James Norman Hall Museum
Home of the writer of the novel “Mutiny on the Bounty”
La Maison James Norman Hall
Visit the James Norman Hall Museum (La Maison de James Norman Hall) to observe how one family came up with their dream of living in paradise. Hall was a co-author of Mutiny on the Bounty, and he used the earnings from the novel to buy a slice of Tahitian beach and construct his dream home.
Address: FFFH+WR6, Pīra’e, Tahiti, French Polynesia
Phone: +689 40 50 01 60
Entry fee: CFP 800
Opening hours: Tuesday – Saturday 9am – 4pm
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A simple museum dedicated to the remembrance of a modest man, James Norman Hall, is located about three miles outside of Papeete, the capital of French Polynesia. La Maison James Norman Hall is well worth a brief stop on your way to Point Venus or Matavai Bay, where Captain Bligh first anchored the Bounty in 1788, not only for what you’ll learn about the extraordinary life of a daring, adventurous, and courageous man, but also because the museum is testimony to what a few devoted family members — almost ancestor worshipers — can accomplish in the face of bureaucratic ennui and political opposition.
Best known for co-authoring the Bounty trilogy with his buddy Charles Nordhoff (“Mutiny on the Bounty,” “Men Against the Sea,” and “Pitcairn’s Island,”) Hall was a prolific writer, both with Nordhoff (12 novels) and on his own (17 books, countless essays, poems, and at least one play). The Hall House pays homage to his literary career as well as its Hollywood component, with nine films based on six of his books, including three versions of “Mutiny on the Bounty” and two of “The Hurricane.”
Hall, who was born in Colfax, Iowa, in 1887, finished at Grinnell College in 1910. In 1914, he was on a cycling holiday in Britain when World War I broke out. He immediately joined the armed forces, and by the end of the war, he had fought in three countries: the United Kingdom, France, and the United States.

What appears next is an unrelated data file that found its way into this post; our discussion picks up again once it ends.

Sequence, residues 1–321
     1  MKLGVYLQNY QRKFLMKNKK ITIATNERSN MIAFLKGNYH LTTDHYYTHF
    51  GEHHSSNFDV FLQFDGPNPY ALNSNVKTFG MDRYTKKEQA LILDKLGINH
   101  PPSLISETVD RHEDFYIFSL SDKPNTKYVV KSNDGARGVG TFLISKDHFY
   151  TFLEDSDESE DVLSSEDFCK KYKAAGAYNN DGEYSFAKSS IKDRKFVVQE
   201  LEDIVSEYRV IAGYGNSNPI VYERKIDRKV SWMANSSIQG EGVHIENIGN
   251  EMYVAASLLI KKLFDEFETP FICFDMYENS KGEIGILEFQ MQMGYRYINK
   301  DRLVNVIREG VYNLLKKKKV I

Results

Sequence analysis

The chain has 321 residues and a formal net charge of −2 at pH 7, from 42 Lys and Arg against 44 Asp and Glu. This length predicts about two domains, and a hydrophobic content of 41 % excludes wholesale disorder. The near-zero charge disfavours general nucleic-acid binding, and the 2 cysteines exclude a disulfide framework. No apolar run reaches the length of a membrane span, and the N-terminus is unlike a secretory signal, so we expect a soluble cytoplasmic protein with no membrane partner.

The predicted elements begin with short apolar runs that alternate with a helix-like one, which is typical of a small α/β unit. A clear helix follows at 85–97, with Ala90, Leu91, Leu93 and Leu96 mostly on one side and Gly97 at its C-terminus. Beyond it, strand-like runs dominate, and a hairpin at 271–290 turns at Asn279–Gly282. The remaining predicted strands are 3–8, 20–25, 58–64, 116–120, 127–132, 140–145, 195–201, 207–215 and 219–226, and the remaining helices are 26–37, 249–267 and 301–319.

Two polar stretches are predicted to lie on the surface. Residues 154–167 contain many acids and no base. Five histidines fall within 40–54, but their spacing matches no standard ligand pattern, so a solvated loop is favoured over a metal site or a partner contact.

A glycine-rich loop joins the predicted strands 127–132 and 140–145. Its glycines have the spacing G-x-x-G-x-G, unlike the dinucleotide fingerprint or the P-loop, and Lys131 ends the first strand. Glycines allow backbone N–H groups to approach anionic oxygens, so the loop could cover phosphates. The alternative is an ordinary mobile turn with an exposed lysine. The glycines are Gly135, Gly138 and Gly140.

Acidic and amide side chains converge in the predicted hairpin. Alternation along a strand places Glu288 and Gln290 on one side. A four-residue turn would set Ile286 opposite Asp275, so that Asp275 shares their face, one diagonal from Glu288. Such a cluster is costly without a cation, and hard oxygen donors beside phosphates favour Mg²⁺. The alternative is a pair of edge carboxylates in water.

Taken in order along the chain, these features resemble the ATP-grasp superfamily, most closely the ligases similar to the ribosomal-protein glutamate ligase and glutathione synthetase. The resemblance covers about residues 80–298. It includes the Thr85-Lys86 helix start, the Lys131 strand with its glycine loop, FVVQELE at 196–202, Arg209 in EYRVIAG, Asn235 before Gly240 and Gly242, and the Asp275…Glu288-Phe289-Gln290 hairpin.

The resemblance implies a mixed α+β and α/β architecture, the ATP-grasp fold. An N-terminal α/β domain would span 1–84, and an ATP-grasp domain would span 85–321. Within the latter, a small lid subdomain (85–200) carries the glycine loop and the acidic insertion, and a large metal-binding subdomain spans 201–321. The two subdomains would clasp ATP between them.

Hall wandered the world after the war. He arrived in Tahiti in 1924 and married Sarah Teraireia Winchester, the daughter of an English sea captain and a Tahitian woman, the following year. In 1926, they moved into the house. Hall passed away in 1951. Following Sarah’s death in 1985, the house was sold to the French Polynesian government with the hope that it would be preserved as a memorial.
Hall’s little wooden cottage, which is surrounded by a beautiful garden, is now a museum. Exhibits are arranged around the author’s most renowned work, and you get a fantastic idea of his life in Tahiti from the 1920s through the 1950s.
The house where the family resided for nearly 30 years is still in its original form and very well preserved; inside, there is still all of the author’s furniture and library, as well as various portraits and mementos from Hall’s life, who died in Tahiti in 1951.
Take a guided tour of the house. Most of the time, the guides know the family directly and can tell you everything you need to know about them.
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Guided Sightseeing Tahiti
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